• A blood alcohol content of 0.1% means that there are 0.1 grams of alcohol per 100 milliliters of blood.
  • In Germany and some other countries, the alcohol content is measured per 1,000 milliliters (per mil) instead. So 0.1 percent is the same as 1 per mil.

It is not possible to say what somebody’s blood alcohol content would be after drinking half a liter of beer. That will depend on various factors, such as the amount of water in their body, which is greatly influenced by their sex and body weight.

Various websites offer online blood alcohol content calculators that can be used to roughly work out your blood alcohol content.

How quickly does the body absorb alcohol?

Alcohol is mainly absorbed through the stomach. It takes 3 to 5 minutes for alcohol to pass through the blood to the brain, where it takes its effect. After around 30 to 60 minutes, it has spread throughout the body in the bloodstream. The effect is quicker if you drink on an empty stomach or after doing exercise, if you drink fast, or are ill. Certain medications can also influence the effects of alcohol.

How long does it take to sober up again?

Our bodies only break alcohol down slowly:

  • Women break down around 0.01% in an hour.
  • Men break down between 0.01% and 0.02% per hour.

Apart from the amount of alcohol you drink, the main factors that influence how quickly alcohol is broken down are your body weight and your sex.

For example, a small glass of wine (125 ml) is broken down

  • in about two to three hours in a woman who weighs 55 kilos (8.7 stone), and
  • in one to two hours in a man who weighs 80 kilos (12.6 stone).

It is not possible to speed up the process. But it's important to drink plenty of water or other non-alcoholic drinks because alcohol removes liquid from the body, so it has to be replaced.

Why are the effects of alcohol stronger in women than in men?

Women have a higher body fat content than men, but their bodies also contain less water. Because alcohol dissolves better in water than in fat, it is less concentrated in men’s blood than in women’s. The same amount of alcohol therefore makes women get drunk faster than men.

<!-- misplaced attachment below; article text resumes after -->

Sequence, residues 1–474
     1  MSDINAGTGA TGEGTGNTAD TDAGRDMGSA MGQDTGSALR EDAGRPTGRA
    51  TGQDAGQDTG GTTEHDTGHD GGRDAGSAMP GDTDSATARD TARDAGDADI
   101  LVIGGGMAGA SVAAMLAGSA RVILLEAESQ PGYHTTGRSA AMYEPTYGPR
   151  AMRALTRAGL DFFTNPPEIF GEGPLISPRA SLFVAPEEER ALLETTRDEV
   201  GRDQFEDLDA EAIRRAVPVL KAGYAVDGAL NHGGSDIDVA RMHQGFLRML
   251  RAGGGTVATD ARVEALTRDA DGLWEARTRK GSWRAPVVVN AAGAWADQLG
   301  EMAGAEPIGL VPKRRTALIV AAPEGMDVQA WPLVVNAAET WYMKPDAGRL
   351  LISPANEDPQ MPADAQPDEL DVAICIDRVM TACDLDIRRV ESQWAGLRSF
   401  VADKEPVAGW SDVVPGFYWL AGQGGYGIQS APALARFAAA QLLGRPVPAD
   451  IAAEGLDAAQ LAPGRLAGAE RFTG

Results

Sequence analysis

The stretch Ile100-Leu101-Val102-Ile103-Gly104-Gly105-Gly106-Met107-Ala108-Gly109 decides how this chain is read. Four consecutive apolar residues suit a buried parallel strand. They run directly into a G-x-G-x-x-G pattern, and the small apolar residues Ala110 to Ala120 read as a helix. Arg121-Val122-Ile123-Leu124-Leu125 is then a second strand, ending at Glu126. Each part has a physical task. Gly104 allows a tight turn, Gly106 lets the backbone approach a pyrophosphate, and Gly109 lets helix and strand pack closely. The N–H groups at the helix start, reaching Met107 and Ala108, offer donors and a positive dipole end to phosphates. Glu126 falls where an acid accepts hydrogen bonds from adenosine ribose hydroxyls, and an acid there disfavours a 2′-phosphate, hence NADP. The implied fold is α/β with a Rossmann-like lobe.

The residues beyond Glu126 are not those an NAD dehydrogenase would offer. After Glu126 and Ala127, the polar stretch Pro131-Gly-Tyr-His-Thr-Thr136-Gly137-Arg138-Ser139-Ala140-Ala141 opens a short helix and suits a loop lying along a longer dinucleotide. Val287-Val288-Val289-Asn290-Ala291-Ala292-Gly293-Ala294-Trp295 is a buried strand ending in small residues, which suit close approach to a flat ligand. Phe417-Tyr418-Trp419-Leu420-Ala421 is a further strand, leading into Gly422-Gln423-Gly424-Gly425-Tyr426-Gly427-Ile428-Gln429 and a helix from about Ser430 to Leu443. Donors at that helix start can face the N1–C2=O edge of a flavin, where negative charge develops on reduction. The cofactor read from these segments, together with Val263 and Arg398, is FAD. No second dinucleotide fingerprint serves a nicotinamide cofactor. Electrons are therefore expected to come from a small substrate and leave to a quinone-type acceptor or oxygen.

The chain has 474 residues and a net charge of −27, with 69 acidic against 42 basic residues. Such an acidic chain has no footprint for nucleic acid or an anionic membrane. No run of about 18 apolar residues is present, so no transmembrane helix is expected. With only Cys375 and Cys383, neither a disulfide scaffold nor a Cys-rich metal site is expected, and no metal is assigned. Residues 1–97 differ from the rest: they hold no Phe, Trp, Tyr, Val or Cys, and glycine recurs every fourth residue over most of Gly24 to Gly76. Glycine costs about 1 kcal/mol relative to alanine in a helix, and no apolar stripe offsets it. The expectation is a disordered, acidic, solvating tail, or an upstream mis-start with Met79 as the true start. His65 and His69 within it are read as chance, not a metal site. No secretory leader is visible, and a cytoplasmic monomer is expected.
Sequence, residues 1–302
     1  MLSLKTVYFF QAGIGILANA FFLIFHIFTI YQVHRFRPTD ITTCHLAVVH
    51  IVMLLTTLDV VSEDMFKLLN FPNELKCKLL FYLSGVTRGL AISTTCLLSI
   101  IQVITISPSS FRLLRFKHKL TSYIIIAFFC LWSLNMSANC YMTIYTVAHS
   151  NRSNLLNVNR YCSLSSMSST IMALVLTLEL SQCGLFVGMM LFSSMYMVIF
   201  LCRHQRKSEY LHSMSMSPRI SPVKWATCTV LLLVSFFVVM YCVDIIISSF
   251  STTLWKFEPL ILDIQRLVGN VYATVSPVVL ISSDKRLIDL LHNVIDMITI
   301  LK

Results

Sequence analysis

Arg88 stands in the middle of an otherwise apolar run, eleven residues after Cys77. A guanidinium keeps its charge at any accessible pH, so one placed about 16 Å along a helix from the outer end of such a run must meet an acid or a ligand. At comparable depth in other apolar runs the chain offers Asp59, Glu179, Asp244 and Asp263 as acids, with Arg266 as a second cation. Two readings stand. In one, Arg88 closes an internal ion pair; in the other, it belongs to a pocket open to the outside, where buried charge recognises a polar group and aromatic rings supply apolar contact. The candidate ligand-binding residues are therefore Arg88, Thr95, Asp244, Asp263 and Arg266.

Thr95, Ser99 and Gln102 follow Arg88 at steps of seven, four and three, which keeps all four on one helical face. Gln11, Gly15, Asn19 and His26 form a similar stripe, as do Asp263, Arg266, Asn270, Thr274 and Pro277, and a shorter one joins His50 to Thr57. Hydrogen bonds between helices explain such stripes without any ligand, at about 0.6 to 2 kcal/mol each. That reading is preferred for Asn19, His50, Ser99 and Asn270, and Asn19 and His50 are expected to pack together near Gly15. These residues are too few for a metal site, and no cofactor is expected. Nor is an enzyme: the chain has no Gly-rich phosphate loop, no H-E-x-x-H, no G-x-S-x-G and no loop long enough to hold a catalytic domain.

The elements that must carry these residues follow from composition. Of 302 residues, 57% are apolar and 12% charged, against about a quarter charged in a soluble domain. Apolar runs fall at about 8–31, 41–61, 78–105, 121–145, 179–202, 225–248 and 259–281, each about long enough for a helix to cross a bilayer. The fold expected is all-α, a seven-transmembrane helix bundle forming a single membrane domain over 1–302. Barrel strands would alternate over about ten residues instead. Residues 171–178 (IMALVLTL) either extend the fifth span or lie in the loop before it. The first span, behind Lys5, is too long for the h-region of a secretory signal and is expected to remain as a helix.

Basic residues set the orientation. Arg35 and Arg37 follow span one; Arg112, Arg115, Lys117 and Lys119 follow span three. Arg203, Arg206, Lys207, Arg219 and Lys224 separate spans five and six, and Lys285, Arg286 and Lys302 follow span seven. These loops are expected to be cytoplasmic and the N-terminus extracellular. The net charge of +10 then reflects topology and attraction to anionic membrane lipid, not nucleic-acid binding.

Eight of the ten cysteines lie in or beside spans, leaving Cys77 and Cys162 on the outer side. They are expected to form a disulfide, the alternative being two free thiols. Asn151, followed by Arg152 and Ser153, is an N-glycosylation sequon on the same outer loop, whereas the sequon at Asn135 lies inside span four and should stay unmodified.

Arbeitsgemeinschaft der Wissenschaftlichen Medizinischen Fachgesellschaften (AWMF), Deutsche Gesellschaft für Psychiatrie und Psychotherapie, Psychosomatik und Nervenheilkunde (DGPPN), Deutsche Gesellschaft für Suchtforschung und Suchttherapie (DG-Sucht). Screening, Diagnose und Behandlung alkoholbezogener Störungen (S3-Leitlinie). AWMF-Registernr.: 076-001. 2020.

IQWiG health information is written with the aim of helping people understand the advantages and disadvantages of the main treatment options and health care services.

Because IQWiG is a German institute, some of the information provided here is specific to the German health care system. The suitability of any of the described options in an individual case can be determined by talking to a doctor. informedhealth.org can provide support for talks with doctors and other medical professionals, but cannot replace them. We do not offer individual consultations.

Our information is based on the results of good-quality studies. It is written by a team of health care professionals, scientists and editors, and reviewed by external experts. You can find a detailed description of how our health information is produced and updated in our methods.

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Updated on February 24, 2023

Next planned update: 2026


Institute for Quality and Efficiency in Health Care (IQWiG, Germany)